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from louisville, kentucky on the democratic line. go ahead. caller: how are you? host: good morning, you are on the air. caller: thank you. i just want to say about donald trump and his family's affiliation with the kkk. and how far back it goes. arrested back in 1927, you have the police record , as far as being arrested with the clan -- klan. why is it of that stuff ever brought up? guest: that's an interesting question, fred trump, that was a piece in the "new york times." talking about him being arrested, that should be looked into. host: can you talk a little bit about how democracy now! is funded? you mentioned you don't receive any advertising or any revenue
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from corporate america. how do you pay the bills? caller: the majority of our money comes from listeners and viewers. we also have some work from foundations and network fees for broadcasting democracy now!. host: do you think there is a role for corporate-funded or commercial media in the country? you think the media in this country should be a nonprofit enterprise? guest: i think it's very important to have nonprofit news, and that should be the vast majority of the news. we have documentary makers from around the world come to democracy now! to see what democracy now! is as a model for news in the rest of the world. other countries, people are familiar with state news. when the state runs the newscast. they are familiar with private corporations, like we have in this country that run the news read but they don't know about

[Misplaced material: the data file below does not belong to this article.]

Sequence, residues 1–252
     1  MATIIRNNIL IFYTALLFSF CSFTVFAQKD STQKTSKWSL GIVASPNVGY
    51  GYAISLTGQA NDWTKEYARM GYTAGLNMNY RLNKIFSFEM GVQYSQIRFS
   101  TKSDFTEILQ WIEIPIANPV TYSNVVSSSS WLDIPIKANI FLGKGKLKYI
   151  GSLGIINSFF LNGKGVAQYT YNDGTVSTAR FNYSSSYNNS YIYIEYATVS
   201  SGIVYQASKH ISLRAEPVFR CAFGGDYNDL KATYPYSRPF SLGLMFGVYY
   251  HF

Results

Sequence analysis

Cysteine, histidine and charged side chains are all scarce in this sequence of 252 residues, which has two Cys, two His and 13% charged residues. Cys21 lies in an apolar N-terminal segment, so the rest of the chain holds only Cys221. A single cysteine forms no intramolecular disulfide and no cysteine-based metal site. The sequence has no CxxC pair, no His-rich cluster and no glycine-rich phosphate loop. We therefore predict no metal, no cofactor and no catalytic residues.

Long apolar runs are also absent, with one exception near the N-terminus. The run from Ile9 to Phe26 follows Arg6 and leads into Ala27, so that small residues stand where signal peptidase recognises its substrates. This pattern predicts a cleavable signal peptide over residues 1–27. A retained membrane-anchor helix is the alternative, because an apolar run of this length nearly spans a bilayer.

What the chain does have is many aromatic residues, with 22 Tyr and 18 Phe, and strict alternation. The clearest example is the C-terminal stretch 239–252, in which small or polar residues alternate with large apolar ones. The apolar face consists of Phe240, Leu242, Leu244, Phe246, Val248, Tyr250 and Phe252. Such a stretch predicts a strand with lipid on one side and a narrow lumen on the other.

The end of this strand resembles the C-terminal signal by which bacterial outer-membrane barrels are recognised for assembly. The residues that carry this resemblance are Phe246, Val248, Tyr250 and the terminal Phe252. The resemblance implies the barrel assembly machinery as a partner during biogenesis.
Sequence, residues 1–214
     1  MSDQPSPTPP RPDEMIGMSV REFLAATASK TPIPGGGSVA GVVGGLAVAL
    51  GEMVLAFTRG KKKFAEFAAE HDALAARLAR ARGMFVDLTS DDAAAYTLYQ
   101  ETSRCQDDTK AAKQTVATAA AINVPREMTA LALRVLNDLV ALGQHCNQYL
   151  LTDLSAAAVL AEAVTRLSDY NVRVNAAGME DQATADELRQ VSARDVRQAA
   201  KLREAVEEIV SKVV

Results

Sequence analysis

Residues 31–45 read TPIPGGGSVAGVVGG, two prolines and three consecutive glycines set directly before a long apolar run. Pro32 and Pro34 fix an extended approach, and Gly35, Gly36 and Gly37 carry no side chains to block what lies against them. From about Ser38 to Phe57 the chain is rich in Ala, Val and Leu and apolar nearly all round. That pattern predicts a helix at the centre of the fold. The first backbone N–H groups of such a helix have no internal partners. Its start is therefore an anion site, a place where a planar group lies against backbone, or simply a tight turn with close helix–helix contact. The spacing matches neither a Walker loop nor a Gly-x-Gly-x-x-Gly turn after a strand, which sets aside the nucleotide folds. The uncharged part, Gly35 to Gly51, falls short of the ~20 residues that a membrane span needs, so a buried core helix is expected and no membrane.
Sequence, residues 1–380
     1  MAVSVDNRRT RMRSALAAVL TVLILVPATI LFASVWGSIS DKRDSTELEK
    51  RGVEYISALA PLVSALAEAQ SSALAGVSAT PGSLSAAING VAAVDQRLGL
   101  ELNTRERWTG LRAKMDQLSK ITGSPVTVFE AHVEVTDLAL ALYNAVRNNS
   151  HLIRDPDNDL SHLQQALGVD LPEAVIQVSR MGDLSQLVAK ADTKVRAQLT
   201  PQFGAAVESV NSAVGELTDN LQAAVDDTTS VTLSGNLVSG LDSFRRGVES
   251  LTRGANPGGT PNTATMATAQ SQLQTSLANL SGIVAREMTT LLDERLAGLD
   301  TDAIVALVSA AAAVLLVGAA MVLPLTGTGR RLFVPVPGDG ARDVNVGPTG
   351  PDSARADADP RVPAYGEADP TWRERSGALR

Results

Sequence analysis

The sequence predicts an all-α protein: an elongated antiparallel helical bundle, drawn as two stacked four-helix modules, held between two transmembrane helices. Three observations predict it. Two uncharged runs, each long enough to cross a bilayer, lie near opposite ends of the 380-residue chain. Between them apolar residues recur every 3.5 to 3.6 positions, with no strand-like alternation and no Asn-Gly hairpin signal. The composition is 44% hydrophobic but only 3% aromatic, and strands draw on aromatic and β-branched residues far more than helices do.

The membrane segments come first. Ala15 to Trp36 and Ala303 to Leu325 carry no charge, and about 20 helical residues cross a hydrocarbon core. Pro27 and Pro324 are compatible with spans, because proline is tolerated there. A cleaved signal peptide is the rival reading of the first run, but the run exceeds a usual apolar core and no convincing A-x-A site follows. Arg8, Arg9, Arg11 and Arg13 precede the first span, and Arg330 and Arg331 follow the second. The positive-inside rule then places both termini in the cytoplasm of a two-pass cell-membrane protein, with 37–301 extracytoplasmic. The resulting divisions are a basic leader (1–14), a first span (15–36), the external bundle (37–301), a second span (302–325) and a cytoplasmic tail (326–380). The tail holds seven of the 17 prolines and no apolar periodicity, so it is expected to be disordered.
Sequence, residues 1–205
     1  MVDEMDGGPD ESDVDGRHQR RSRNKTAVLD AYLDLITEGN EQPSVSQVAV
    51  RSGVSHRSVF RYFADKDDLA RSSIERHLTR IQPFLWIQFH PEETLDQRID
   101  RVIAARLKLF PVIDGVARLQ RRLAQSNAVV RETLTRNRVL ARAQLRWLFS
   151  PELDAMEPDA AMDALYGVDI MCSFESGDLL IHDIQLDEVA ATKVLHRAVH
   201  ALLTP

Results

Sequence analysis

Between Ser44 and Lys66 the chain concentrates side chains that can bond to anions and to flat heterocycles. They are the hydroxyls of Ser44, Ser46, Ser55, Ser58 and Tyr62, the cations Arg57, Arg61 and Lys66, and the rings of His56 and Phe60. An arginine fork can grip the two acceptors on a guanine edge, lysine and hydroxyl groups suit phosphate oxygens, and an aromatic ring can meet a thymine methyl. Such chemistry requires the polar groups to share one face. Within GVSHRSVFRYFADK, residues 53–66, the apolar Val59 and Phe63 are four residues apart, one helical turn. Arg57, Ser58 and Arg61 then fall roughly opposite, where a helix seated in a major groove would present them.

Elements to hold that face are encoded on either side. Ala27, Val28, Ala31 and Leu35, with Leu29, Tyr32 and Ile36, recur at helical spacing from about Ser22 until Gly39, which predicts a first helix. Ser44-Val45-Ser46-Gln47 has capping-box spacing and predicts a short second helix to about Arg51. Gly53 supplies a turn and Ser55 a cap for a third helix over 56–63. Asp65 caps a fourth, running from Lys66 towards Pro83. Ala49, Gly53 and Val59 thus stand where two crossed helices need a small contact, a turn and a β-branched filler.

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that whole model of listener and fewer support. important one. we have public media all over the united states. this public broadcasting, there's npr, there is pacifica radio. democracy now! originally comes out of pacifica radio. that was founded in 1949 by a war resistor, who was a conscientious objector in california. when he came out of the detention camps, he said there's got to be a media outlet that is run not by corporations, that profit from war, but run by journalists and artists. the five stations of the berkeley station, los angeles, houston, and here in washington, just to the fundraiser for the pacifica station here last night, wtf w -- wpfw.